Hello, Community. Mr. Awkward is improving and we’re starting to talk about release either later this week or next week. Thanks so much for the kind words and the Uncle Julio’s.
Shall we tackle a question?
I’ve got a sort of weird question for you. How in the world do you accept an apology without letting the other person off the hook? All I really know how to do is either say it’s fine (indicating it wasn’t a big deal/they didn’t do anything wrong), or continue to act mad about it even though all I am is deeply hurt.
Here’s the situation. I have a friend that often works conventions for a vendor she knows/likes a lot. They needed people last minute to join them for a con this past weekend. I happened to know another friend who enjoys conventions of this sort, so I asked her to come with me to fill the numbers for the booth. Literally all we would have to pay for is food and our transport. We were both totally stoked to be going, since people we really admire were going to be there, and it was kind of a once in a lifetime opportunity. I also thought it might be a good opportunity for her, since she has been unable to find a job for several years now, and if they like you at this booth it could evolve into other opportunities. So I took off work, she got a ride to my apartment, and we took the train to the con.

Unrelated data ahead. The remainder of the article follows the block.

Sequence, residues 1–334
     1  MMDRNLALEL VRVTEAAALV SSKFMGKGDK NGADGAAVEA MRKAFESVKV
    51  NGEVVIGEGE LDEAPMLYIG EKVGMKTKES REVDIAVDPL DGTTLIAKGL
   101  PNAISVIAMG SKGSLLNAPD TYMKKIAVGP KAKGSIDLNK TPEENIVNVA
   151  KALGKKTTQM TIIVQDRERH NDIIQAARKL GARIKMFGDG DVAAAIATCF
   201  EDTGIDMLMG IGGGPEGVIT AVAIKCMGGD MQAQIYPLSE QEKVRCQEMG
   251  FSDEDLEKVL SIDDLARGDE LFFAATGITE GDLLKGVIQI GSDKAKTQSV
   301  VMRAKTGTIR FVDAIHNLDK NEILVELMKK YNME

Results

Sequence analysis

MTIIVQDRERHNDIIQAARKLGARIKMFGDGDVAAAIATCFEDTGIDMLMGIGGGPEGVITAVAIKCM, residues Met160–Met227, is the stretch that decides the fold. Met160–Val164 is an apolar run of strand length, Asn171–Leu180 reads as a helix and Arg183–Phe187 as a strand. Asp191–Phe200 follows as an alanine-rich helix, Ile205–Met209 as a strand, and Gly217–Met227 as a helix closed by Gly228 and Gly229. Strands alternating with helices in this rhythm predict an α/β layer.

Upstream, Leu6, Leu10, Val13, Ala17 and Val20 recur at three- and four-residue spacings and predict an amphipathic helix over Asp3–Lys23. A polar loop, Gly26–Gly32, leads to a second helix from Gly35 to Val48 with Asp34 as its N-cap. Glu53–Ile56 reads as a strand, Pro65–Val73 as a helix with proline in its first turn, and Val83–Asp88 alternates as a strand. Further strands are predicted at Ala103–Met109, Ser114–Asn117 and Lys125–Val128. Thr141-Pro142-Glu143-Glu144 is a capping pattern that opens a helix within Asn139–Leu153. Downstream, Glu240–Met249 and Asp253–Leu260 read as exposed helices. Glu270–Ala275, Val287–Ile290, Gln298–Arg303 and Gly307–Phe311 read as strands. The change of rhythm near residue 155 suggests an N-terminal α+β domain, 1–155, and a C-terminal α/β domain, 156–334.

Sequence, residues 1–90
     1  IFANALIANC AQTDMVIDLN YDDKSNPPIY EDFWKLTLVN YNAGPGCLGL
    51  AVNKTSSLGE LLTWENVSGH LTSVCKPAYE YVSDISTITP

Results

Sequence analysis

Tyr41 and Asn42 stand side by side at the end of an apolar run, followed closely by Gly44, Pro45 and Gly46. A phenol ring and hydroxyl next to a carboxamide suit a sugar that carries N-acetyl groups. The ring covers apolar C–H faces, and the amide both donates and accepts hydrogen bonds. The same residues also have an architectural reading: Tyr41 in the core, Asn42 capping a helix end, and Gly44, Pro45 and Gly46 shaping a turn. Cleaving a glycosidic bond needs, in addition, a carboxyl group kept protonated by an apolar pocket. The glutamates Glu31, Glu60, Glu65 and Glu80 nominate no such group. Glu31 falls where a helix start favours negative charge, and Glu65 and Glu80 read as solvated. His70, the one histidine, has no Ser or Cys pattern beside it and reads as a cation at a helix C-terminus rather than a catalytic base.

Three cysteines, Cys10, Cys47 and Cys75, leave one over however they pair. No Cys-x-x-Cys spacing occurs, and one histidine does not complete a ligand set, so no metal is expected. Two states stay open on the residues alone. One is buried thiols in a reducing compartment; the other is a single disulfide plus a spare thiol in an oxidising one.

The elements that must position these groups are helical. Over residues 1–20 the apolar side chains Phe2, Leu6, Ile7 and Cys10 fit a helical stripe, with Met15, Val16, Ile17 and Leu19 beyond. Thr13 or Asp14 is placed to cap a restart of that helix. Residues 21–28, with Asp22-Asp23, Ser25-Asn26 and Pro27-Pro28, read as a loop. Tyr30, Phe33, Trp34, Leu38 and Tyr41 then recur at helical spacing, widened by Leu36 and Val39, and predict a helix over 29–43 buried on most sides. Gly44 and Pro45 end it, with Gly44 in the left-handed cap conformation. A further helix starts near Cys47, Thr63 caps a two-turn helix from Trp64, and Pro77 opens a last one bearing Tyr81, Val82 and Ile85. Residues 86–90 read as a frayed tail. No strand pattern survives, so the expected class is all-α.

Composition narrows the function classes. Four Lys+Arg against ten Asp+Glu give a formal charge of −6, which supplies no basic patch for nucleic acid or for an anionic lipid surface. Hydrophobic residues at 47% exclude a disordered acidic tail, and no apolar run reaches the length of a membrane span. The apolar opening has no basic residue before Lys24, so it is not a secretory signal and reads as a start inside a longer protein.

The trip up was kind of stressful, mostly because it was stupidly early and friend stresses about things a lot more than I do, and then stressed more when I did not also feel/exhibit signs of stress (because I honestly didn’t see what there was to stress about). Then, when walking to the hotel, she was constantly walking waaay ahead of me and not keeping to my slower pace (I’m not in the best of shape, and I’d torn my feet up in new boots previously so it hurt to walk. And there was no reason to hurry-it was 6am and we weren’t needed anywhere until after 9) then excused it with “that’s just how I am”. Which, fine, not a big deal.
But then she met a friend at the con she hadn’t known would be there. (Not someone I had known before). So she wanted to hang out with him instead. Ok, cool, makes sense. I’ll just do my own thing. But when I was hanging out with her when he wasn’t around/ available she was just… not kind. Like, I was helping her find an autograph session and we had to climb under a metal barrier at one point, as we had gotten in the wrong line. Said barrier fell and hit me on the head, hard, stunning me. She tried to put it back and snapped at me when I didn’t jump to help her (because I was seeing stars). I still have a bruise at the base of my skull where it whacked me.